Lumens are typically measured using an integrating sphere, which calculates the total light output in all directions. Millicandela, however, is highly dependent on the angle at which the light is emitted, which is why high-brightness LEDs designed for illumination are typically measured in lumens, while indication LEDs are measured in millicandela.

Top Lighting Options for Photoluminescent Materials

The type of light used to charge photoluminescent pigments affects their performance. Fluorescent, LED, and halogen lights are more effective than incandescent bulbs because they produce more light and less heat. Sunlight can also be used, but it may cause signs and labels to fade over time.

Proximity to the light source also plays a role in how effectively photoluminescent materials charge. The closer the material is to the light source, the more light it absorbs, resulting in a brighter glow. As few as 5 foot-candles of light (equivalent to a 15-watt bulb) can be used to charge photoluminescent labels and signs.

Photoluminescent Safety Standards

The National Fire Protection Association (NFPA) requires that photoluminescent exit enclosures be continuously illuminated for at least 60 minutes before a building is occupied. This ensures that the markings have time to fully charge and provide adequate illumination during emergencies.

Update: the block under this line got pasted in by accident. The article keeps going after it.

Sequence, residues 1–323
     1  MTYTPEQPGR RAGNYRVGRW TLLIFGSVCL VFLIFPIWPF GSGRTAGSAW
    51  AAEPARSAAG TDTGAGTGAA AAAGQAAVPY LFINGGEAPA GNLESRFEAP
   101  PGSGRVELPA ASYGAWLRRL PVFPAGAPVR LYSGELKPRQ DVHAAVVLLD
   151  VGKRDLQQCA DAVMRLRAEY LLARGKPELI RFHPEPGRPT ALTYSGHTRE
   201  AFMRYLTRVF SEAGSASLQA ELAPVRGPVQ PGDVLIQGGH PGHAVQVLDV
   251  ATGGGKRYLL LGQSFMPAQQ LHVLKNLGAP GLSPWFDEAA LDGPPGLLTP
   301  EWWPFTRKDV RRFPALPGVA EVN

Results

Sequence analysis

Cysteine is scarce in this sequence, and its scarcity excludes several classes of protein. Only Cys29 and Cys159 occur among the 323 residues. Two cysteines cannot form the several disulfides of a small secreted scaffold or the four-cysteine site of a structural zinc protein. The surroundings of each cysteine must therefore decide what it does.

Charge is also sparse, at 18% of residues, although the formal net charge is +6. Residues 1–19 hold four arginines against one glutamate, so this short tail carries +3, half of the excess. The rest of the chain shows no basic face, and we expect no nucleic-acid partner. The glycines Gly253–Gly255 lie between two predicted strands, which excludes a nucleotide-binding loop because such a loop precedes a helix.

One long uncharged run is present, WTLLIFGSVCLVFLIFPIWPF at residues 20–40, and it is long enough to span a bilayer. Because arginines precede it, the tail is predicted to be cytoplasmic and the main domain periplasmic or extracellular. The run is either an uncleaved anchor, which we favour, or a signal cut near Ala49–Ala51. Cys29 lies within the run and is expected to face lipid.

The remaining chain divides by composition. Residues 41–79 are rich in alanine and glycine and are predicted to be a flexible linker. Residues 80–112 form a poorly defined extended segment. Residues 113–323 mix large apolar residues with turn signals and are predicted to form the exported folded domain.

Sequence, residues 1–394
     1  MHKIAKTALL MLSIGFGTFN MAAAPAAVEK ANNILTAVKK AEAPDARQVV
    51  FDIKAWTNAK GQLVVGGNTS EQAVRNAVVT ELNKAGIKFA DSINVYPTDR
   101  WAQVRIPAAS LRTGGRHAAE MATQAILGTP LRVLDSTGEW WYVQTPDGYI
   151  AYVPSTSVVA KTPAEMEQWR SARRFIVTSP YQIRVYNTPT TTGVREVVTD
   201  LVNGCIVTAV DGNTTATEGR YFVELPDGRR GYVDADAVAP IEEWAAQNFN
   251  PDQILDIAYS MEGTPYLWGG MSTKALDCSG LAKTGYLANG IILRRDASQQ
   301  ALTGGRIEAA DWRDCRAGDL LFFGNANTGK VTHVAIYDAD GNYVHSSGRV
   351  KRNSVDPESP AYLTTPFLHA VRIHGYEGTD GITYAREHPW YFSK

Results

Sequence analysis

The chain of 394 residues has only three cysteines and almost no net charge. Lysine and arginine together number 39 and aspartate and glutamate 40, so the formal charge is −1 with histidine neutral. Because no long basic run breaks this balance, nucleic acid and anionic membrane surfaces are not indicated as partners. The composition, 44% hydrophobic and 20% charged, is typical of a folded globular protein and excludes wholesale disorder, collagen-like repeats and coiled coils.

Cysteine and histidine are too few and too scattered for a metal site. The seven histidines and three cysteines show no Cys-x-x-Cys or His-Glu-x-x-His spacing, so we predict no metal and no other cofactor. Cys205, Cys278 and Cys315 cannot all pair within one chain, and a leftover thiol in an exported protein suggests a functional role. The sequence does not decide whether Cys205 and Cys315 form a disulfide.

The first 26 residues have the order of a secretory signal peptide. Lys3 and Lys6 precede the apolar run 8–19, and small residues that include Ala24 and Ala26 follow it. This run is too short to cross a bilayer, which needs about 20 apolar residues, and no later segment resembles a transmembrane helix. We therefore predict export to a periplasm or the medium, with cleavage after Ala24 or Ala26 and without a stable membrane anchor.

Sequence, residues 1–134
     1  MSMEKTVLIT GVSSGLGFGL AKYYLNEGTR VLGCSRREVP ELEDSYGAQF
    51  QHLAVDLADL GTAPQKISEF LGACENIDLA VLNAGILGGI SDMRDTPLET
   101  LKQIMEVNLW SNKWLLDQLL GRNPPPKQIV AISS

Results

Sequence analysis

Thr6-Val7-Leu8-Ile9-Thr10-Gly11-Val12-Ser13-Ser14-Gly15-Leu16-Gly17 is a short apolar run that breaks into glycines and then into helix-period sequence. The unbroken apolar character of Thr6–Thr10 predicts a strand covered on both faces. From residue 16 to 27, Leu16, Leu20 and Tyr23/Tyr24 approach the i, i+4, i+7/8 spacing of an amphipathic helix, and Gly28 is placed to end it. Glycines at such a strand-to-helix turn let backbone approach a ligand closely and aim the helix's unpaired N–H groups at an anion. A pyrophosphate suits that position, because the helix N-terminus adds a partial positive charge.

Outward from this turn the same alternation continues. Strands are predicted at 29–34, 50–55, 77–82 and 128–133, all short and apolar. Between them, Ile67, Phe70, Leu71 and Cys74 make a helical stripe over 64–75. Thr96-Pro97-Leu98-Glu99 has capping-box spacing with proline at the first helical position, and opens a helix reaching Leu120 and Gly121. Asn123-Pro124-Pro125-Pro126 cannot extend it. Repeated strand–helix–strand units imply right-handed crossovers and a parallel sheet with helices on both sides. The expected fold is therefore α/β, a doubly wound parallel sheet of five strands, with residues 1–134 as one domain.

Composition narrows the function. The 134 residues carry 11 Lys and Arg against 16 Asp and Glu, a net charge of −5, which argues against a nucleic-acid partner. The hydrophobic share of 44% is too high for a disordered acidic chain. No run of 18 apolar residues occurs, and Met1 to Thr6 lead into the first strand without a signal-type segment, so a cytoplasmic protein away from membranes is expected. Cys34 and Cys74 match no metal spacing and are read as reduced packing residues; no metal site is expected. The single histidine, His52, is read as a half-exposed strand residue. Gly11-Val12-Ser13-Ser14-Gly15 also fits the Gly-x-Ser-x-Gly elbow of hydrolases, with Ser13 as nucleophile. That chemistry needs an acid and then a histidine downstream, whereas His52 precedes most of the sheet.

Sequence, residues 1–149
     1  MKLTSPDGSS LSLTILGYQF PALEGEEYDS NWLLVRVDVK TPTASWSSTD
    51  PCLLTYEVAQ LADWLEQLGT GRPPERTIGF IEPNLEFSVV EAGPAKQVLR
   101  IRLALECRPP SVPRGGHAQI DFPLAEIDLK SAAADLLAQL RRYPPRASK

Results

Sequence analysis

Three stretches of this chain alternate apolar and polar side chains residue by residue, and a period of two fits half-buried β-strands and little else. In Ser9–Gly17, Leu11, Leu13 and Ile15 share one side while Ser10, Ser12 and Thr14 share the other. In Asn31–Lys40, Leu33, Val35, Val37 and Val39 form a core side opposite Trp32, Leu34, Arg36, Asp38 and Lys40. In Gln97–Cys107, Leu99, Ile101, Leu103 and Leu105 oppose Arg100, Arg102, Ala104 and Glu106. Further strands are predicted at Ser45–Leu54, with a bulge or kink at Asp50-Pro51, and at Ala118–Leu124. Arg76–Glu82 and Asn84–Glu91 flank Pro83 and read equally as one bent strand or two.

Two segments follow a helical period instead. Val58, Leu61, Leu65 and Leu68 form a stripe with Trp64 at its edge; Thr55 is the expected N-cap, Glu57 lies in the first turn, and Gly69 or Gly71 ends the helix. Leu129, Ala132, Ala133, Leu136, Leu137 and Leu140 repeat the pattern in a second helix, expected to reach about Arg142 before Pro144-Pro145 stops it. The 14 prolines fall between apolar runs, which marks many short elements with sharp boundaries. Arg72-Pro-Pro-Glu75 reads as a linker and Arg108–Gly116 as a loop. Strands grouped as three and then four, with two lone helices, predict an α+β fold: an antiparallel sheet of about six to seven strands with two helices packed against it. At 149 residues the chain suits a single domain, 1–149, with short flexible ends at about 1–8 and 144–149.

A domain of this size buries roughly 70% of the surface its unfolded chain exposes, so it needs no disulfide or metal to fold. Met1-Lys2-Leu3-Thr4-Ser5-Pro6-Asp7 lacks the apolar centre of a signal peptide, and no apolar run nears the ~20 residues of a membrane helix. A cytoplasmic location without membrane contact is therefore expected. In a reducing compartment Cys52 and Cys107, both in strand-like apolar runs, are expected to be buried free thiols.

Under typical stairwell lighting, photoluminescent signs and labels can take 30 to 60 minutes to fully recharge and then emit a steady glow for about eight hours. This provides a reliable source of illumination during power outages or emergencies, enhancing safety and compliance with building codes.

Photoluminescent pigments offer a versatile and energy-efficient solution for glow-in-the-dark applications. Their ability to gather energy from light and re-emit it without the need for electricity makes them a valuable resource in safety and other industries. Understanding how they work and the factors that affect their performance can help you make informed decisions about using them in your projects.

Photoluminescent egress path marking systems are an important life safety requirement in current building codes. These systems allow for the safe and quick evacuation of buildings in the case of an emergency. They provide a routing system that is not dependent on electrical power that can easily be followed in dark and smoke-filled exit pathways. Nystrom offers a full line of photoluminescent products. For more information, please visit our website or contact our Sales & Customer Support team.

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The Cost of Non-Compliance in Fall Protection